Microfinance and poverty

In developing economies and particularly in rural areas, many activities that would be classified in the developed world as financial are not monetized: that is, money is not used to carry them out. This is often the case when people need the services money can provide but do not have dispensable funds required for those services, forcing them to revert to other means of acquiring them. In their book The Poor and Their Money, Stuart Rutherford and Sukhwinder Arora cite several types of needs:

Lifecycle Needs: such as weddings, funerals, childbirth, education, home building, widowhood and old age.
Personal Emergencies: such as sickness, injury, unemployment, theft, harassment or death.
Disasters: such as campfires, floods, cyclones and man-made events like war or bulldozing of dwellings.
Investment Opportunities: expanding a business, buying land or equipment, improving housing, securing a job, etc.
People find creative and often collaborative ways to meet these needs, primarily through creating and exchanging different forms of non-cash value. Common substitutes for cash vary from country to country but typically include livestock, grains, jewelry and precious metals. As Marguerite Robinson describes in The Micro finance Revolution, the 1980s demonstrated that "micro finance could provide large-scale outreach profitably," and in the 1990s, "micro finance began to develop as an industry" (2001, p. 54). In the 2000s, the micro finance industry's objective is to satisfy the unmet demand on a much larger scale, and to play a role in reducing poverty. While much progress has been made in developing a viable, commercial micro finance sector in the last few decades, several issues remain that need to be addressed before the industry will be able to satisfy massive worldwide demand. The obstacles or challenges to building a sound commercial micro finance industry include:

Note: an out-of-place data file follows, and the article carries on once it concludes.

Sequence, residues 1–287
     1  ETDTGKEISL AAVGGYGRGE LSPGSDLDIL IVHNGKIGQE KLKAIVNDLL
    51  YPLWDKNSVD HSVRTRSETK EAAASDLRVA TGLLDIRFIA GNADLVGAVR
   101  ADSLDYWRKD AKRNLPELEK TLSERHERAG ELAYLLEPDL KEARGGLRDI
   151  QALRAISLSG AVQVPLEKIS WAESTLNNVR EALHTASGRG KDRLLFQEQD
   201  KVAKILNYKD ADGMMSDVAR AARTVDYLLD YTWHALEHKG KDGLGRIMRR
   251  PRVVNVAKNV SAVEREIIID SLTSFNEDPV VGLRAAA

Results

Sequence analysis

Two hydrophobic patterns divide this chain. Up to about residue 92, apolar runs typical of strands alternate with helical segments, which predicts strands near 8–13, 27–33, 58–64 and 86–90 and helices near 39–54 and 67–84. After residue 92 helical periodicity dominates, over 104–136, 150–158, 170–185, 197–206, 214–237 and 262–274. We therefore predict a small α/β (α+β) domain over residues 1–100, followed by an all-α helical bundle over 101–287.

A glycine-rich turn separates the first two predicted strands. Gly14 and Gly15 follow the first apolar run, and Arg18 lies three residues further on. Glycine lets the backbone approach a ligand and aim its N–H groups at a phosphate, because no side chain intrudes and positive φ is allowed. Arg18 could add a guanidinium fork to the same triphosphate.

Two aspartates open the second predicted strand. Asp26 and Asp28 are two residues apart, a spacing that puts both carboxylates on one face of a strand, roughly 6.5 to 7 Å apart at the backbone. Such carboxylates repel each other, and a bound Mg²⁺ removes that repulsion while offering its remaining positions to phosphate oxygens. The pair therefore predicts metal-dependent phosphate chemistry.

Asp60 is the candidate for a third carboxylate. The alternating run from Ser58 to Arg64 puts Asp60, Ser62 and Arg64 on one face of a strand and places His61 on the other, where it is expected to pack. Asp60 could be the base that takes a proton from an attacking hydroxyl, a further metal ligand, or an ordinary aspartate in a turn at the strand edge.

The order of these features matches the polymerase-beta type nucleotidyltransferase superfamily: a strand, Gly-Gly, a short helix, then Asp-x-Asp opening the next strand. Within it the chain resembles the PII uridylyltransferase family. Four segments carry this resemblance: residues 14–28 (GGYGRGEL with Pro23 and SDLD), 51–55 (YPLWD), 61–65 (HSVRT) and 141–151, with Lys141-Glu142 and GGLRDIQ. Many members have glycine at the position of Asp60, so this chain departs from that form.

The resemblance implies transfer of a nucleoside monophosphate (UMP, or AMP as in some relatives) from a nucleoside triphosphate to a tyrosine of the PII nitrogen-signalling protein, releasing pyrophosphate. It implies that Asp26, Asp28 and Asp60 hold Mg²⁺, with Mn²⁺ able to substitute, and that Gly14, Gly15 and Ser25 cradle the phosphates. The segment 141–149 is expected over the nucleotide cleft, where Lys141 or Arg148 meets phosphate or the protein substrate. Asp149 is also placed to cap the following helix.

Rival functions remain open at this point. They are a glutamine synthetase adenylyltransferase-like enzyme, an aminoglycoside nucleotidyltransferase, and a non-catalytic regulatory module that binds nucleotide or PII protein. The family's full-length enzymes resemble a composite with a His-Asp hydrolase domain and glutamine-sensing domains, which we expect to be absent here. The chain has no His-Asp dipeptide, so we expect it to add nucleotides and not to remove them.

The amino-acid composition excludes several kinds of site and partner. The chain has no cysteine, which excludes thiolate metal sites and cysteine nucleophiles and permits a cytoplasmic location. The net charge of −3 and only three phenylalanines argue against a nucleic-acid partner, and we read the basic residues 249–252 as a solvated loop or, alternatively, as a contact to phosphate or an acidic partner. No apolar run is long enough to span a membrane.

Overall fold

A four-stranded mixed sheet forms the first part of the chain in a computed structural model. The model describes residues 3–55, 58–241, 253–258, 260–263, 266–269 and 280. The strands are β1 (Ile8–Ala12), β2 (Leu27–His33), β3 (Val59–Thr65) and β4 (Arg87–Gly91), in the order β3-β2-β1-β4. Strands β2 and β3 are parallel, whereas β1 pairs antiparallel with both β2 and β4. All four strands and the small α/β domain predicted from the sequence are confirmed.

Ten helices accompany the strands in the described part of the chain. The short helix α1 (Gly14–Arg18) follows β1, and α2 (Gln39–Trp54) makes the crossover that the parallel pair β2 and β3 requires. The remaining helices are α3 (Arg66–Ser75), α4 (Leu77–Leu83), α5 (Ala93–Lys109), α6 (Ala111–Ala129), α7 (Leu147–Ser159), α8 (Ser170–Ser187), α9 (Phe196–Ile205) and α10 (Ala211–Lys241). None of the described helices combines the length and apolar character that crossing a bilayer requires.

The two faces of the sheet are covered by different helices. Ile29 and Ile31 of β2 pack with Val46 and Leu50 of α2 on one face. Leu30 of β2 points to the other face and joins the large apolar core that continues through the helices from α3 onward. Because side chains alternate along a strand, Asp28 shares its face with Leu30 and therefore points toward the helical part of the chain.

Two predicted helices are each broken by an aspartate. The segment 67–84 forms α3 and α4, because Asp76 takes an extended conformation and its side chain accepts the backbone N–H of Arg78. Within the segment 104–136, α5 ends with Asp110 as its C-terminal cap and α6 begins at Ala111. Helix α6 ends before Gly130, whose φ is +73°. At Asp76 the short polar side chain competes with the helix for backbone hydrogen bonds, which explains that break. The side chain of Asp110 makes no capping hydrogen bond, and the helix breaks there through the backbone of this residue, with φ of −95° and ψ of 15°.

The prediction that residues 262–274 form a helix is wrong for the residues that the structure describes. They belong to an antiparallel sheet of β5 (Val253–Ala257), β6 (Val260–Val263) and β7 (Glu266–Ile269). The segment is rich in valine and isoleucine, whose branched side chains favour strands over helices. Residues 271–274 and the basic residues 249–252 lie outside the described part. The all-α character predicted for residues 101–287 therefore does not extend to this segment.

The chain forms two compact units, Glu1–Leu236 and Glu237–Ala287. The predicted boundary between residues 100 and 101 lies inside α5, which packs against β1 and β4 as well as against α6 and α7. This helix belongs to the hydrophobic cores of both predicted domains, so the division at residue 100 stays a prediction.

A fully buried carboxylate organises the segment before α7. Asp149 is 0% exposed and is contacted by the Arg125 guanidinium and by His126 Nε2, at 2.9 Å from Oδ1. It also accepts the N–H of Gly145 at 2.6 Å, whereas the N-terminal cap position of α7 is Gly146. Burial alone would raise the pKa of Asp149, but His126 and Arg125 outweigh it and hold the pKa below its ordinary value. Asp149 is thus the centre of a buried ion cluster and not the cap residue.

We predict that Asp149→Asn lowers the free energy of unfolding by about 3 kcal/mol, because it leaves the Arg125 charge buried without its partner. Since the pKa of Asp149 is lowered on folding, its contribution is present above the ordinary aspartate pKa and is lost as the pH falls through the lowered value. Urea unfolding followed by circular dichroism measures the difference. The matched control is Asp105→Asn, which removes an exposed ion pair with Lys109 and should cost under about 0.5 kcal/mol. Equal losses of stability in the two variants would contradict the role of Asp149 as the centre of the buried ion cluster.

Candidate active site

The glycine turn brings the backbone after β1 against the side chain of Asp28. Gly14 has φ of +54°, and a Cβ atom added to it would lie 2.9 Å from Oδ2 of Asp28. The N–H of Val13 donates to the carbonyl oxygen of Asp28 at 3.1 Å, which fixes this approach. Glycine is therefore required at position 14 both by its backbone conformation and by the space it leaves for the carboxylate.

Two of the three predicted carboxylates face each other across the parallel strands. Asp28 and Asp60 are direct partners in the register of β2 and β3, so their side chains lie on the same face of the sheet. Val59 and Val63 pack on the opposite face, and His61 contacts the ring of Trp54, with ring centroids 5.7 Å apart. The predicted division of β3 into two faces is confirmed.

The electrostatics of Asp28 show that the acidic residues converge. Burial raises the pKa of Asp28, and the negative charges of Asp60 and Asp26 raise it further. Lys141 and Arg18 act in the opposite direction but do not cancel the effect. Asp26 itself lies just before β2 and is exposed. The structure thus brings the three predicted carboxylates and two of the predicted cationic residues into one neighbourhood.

• Inappropriate donor subsidies
  • Poor regulation and supervision of deposit-taking micro finance institutions (MFIs)
  • Few MFIs that meet the needs for savings, remittances or insurance
  • Limited management capacity in MFIs
  • Institutional inefficiencies
  • Need for more dissemination and adoption of rural, agricultural micro finance methodologies
  • Members lack of collateral to secure a loan

Microfinance is the proper tool to reduce income inequality, allowing citizens from lower socio-economical classes to participate in the economy. Moreover, its involvement has shown to lead to a downward trend in income inequality (Hermes, 2014).